Recently, the PCAOB issued this Staff audit alert to assist independent auditors in applying PCAOB standards when they audit their client’s implementation of FASB’s new revenue recognition standard. Topics covered include:
– Transition disclosures & adjustments
– Internal control over financial reporting
– Fraud risks
– Revenue recognition
Here’s an excerpt from the alert’s discussion of key factors for auditors to consider when assessing the internal control implications of the new standard:
PCAOB standards require the auditor to obtain a sufficient understanding of each component of internal control over financial reporting to (a) identify the types of potential misstatements, (b) assess the factors that affect the risks of material misstatement, and (c) design further audit procedures.
Changes to company processes for the implementation of the new revenue standard can affect one or more components of internal control. For example, the auditor is required to obtain an understanding of the company’s control environment, including the policies and actions of management, the board of directors, and the audit committee concerning the company’s control environment.
Check out this recent blog from Steve Quinlivan for more on the PCAOB’s alert. And we’re posting numerous memos on transition issue – and the new revenue recognition standard more specifically – in our “Revenue Recognition” Practice Area.
Revenue Recognition: SEC Comments for Early Adopters
This “SEC Institute” blog reviews Corp Fin’s comments on filings by two early adopters of FASB’s new revenue recognition standard. The Staff’s comments – which are set forth in full in the blog – focus on MD&A and financial statements. And their emphasis is on the adequacy of disclosure and seeking to understand how the company made judgments in applying the new principles-based standard.
While the two companies that received comments were able to resolve them quickly, the blog also includes a reminder that not all comments on new accounting standards have happy endings:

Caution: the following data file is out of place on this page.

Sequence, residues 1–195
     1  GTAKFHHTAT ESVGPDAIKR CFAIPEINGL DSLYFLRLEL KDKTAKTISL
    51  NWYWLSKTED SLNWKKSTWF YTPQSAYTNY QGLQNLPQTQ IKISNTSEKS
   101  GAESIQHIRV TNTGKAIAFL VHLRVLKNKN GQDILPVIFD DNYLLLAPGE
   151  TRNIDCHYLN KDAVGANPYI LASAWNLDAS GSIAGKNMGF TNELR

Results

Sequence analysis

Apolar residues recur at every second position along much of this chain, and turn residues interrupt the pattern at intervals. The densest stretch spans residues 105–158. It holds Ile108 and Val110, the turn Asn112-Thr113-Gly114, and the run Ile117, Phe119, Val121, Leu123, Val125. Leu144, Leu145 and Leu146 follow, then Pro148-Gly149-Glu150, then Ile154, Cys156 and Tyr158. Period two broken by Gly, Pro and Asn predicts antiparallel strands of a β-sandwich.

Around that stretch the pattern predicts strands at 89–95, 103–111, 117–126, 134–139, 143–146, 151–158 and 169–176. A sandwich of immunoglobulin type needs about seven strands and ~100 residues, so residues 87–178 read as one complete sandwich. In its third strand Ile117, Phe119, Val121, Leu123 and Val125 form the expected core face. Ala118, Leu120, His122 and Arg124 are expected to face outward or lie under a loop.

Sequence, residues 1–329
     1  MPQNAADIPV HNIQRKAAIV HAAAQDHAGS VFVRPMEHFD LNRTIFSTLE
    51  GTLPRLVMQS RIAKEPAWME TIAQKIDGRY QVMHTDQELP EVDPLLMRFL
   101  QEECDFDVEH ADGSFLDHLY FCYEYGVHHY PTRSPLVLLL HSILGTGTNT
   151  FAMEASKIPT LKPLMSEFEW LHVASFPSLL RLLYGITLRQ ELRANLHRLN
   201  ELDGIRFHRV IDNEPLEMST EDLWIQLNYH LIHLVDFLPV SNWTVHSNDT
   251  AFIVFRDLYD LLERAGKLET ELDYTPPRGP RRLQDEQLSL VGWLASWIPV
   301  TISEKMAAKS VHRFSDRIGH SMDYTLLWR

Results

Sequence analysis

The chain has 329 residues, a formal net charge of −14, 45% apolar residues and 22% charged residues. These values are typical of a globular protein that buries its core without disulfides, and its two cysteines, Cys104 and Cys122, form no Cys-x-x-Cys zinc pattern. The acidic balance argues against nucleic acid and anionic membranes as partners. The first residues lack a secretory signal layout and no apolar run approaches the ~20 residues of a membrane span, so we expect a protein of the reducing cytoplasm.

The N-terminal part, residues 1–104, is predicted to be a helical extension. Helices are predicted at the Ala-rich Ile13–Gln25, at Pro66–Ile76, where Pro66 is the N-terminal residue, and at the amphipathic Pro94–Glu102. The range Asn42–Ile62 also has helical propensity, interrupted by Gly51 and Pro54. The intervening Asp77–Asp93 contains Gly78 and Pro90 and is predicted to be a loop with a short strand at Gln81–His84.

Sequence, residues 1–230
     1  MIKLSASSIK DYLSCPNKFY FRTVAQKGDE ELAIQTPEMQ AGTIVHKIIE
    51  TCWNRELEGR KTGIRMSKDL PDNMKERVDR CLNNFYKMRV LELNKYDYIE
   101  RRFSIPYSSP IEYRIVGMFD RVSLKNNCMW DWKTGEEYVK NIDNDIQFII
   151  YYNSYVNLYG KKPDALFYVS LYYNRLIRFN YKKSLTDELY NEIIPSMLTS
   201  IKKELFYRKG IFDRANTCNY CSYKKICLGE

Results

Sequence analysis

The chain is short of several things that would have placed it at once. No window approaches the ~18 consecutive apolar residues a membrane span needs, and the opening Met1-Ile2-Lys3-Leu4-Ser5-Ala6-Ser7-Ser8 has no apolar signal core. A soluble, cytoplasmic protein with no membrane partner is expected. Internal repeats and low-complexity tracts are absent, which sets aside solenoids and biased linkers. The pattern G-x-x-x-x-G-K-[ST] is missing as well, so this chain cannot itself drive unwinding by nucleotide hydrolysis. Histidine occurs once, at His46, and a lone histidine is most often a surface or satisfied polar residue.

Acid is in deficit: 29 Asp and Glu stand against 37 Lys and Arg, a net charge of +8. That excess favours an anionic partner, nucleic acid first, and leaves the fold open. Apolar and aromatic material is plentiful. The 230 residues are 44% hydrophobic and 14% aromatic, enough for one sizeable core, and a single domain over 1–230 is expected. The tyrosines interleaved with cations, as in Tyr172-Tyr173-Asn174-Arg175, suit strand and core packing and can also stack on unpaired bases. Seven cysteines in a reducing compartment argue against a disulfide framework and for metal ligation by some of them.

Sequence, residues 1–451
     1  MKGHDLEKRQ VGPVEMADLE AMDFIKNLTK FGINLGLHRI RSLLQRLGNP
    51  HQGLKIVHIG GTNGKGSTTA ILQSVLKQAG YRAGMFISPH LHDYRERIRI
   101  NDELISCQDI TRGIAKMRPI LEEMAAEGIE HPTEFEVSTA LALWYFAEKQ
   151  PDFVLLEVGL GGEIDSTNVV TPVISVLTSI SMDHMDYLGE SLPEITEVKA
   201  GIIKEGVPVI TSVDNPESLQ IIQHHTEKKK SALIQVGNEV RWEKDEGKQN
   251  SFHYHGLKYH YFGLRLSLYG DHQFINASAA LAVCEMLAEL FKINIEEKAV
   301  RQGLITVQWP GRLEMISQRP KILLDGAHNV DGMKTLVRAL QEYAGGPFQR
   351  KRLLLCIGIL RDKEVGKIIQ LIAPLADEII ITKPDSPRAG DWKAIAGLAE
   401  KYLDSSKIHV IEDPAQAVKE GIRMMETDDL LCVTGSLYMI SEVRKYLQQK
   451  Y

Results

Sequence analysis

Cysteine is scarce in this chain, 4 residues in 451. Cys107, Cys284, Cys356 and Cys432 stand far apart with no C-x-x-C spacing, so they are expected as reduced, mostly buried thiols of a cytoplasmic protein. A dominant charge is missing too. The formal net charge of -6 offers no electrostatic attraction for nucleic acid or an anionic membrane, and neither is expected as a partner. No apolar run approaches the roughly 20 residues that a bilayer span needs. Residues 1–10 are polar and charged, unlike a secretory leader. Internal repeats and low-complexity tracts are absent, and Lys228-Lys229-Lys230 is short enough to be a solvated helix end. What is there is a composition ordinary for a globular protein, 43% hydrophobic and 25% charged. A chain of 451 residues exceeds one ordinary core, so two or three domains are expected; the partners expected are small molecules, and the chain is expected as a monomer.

New accounting standards always draw attention from the SEC. Way back in the 1990s, SFAS 133 (now of course ASC 815) was issued to create dramatically different new guidance for derivative and hedge accounting. Louis Dreyfus Natural Gas early adopted the new standard. After certain issues were raised in an SEC review, Louis Dreyfus Natural Gas was forced to restate its initial application of the new derivative accounting model.
“Black Monday”: 30 Years Ago Today!
It’s hard to believe, but “Black Monday” – the great stock market crash of 1987 – happened 30 years ago today, October 19, 1987. This Bloomberg article recounts memories of that day from a cross-section of Wall Street players. So much that was once unthinkable has happened to the markets & the world since that day that I’m sure some of our younger readers are asking themselves, “what’s the big deal?”
Well, the greatest single one day drop in Wall Street’s history didn’t occur in 1929 or 2008 – it happened on Black Monday in 1987. The market lost nearly 23% of its value in a single day. This quote from a trader will give you some sense of how many people felt that day:
I was so scared that I got $10,000 out of the bank, took it home, and stored it in the rafters.
Personally, I remember that day vividly. I was in a drafting session for a public offering, and the bankers kept nervously calling their office to find out how the market was doing. By the time the market closed, it was very apparent to everyone that our deal was stone dead.
– John Jenkins